virtue of having been absent. As such, an employee could get an attendance
award for not coming to work if the leave is FMLA-related.
result can be obvious if this interpretation holds. We can say goodbye to
the idea of recognition for those who perform and contribute more
regularly and consistently than others.
The same could be argued
for sick leave monitoring programs applied to employees who consistently
use unscheduled time off much more than others. The disruptive affects of
frequent unscheduled absences represent real workplace productivity
As long as sick leave reduction or control measures are
applied on a job-related and nondiscriminatory basis to persons who are
frequently absent on Mondays, Fridays or the days before or after a
holiday with only vague excuses, it is an appropriate business practice
for agency managers to take these steps.
DOL should weigh in with
policies and guidelines in these areas, which are clear and built upon a
base of understanding of the increasing need for business practices which
take excuses away rather than provide new excuses to not perform rather
than to effectively perform.
Having offered these comments, I want
to quickly add that I have met many DOL representatives in nearly 30 years
in human resources administration. These individuals are uniformly
pleasant and effective listeners.
They also reflect, even when
they dont say it overtly, that they lack authority to do more than carry
the concerns of local government, elected and appointed officials, up the
chain of command and to help arrange meetings and dialog. DOL staff in
many respects reflect symptoms of helplessness and lack of empowerment,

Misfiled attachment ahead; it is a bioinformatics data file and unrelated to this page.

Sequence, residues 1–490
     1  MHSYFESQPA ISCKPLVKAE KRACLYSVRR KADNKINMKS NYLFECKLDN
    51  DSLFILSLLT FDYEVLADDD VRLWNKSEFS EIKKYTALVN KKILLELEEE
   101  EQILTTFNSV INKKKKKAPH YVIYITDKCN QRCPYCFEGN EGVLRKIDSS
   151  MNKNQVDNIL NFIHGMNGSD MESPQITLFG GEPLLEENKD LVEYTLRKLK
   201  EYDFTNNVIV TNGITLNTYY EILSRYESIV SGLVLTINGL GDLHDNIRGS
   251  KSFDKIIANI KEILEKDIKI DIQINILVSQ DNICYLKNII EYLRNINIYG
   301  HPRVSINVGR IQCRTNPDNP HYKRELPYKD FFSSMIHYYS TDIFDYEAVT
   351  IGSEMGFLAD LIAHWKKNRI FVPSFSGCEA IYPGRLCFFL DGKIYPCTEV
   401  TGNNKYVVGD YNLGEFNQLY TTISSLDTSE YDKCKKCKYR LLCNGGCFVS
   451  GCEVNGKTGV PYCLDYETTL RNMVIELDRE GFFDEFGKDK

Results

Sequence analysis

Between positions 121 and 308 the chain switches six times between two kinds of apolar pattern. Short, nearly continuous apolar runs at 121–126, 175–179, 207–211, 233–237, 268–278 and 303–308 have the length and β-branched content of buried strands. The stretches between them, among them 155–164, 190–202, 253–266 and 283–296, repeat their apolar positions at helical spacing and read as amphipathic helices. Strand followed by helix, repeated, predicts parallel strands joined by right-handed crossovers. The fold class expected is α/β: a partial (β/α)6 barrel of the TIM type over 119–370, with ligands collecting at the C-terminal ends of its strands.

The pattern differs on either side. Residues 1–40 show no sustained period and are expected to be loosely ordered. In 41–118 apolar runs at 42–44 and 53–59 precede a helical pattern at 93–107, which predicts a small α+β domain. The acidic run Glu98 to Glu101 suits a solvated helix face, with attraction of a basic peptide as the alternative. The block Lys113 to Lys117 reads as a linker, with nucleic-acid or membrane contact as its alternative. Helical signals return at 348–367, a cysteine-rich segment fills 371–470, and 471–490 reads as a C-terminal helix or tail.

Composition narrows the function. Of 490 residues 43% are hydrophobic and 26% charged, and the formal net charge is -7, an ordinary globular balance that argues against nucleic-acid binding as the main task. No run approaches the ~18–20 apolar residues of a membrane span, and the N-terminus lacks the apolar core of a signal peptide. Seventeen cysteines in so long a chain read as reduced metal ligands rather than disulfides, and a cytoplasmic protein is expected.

which on a chronic basis, would make a great subject for an Employee
Assistance Program organizational needs assessment.
The HR Doctor
would suggest that no one at DOL be allowed to write a proposed regulation
that would affect local government without two new criteria being met.
The first would be that the writer of the regulation actually have
some direct experience as a manager or supervisor, subject to living under
the regulations. I cant help but suspect that there is perhaps one GS 13
or 14 at DOL in a small windowless office on the 8th or 9th floor who
produces all these proposals. If that person could only be identified and
offered either an early retirement or random drug testing, public HR
administration would be well served.
The second requirement would
be that every proposed regulation be the subject of a mandatory, written
review to be provided by representatives of a coalition of NACo, the U.S.
Conference of Mayors, the National League of Cities, ICMA, and the
National Governors Association.
The result would be required
reading for DOL decision makers, including those of the Wage and Hour
Division and the Secretary of Labors Office. The coalition model would at
least require some overt attention being paid to the input of local
governments in a more formal, structured manner than by simply inviting
I know that many of my colleagues in public
administration join me in wishing that concepts like reasonable
accommodation and avoidance of undue hardships on local governments
would play a very heavy and ongoing role in whatever thought process goes
into the creation of DOL guidelines and proposed regulations.
Finally, the HR Doctor remains a practitioner active in local
government and would like to stay that way. Therefore, I would like to
make it perfectly clear that I love the Department of Labor deeply and
that some of my best friends work there.
The HR Doctor wishes you
and my brothers and sisters at the Department of Labor the very best. Feel
free to visit at http://www.hrdr.net/.
(If you have questions for the "HR Doctor," e-mail him
Rosenberg is the Human Resources director for Broward County,